Convection regimes and tropical midlatitude interactions over the Intra-American Seas from May to November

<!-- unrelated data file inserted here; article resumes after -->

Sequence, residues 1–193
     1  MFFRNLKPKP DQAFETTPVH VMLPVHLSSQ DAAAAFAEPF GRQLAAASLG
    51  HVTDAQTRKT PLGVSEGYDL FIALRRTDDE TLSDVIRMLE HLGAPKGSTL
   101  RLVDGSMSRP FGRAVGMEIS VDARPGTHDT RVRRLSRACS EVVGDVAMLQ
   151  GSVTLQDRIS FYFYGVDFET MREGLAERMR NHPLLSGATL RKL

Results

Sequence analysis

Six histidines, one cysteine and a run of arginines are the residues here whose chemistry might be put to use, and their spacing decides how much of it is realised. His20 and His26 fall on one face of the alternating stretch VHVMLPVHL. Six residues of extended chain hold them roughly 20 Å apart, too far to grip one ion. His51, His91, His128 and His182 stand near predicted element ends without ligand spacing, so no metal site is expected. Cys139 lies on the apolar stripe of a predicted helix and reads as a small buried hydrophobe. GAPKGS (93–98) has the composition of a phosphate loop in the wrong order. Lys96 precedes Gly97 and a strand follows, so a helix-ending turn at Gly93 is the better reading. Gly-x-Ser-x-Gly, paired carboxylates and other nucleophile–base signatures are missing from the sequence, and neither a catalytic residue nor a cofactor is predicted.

A cluster analysis is applied to National Oceanic and Atmospheric Administration daily outgoing longwave radiation anomaly fields over the IntraAmerican Seas, for the May to November rainy season 19802009. Seven recurrent convection regimes are identified, each with distinct impacts on local rainfall. Three suppressedconvection regimes prevailing throughout the season and in particular during the MidSummer Drought are related to transient anticyclonic circulation anomalies and broad drying over the region. The remaining regimes are all related to enhanced convection and cyclonic circulation anomalies over the Caribbean. For one wet regime, the cyclonic anomaly is located over Central America, which increases moisture advection from the eastern Pacific and in turn rainfall over Central and South America to the disadvantage of northern regions of the Caribbean. The three other regimes are associated with a weaker Caribbean Low Level Jet along its southern branch stretching along the South American coast, while its northern branch is strengthened, exposing the Caribbean to more moisture advection from the northeast trade winds, enhancing convection and rainfall locally. These three wet regimes are related to northwestwardpropagating convective cells that can be traced in a composite sense to the southward incursion of baroclinic waves from the midlatitudes, and anticyclonic wave breaking. In addition, their frequencies are found to be higher during phases 1 and 2 of the MaddenJulian Oscillation, suggesting a connection with easterly waves emanating from African convection. Relationships are shown between these three northwestwardpropagating wet regimes and historical floods in the Caribbean illustrating the potential value of the convective regime approach for ultimately improving regional predictions and disaster early warning on subseasonal scales.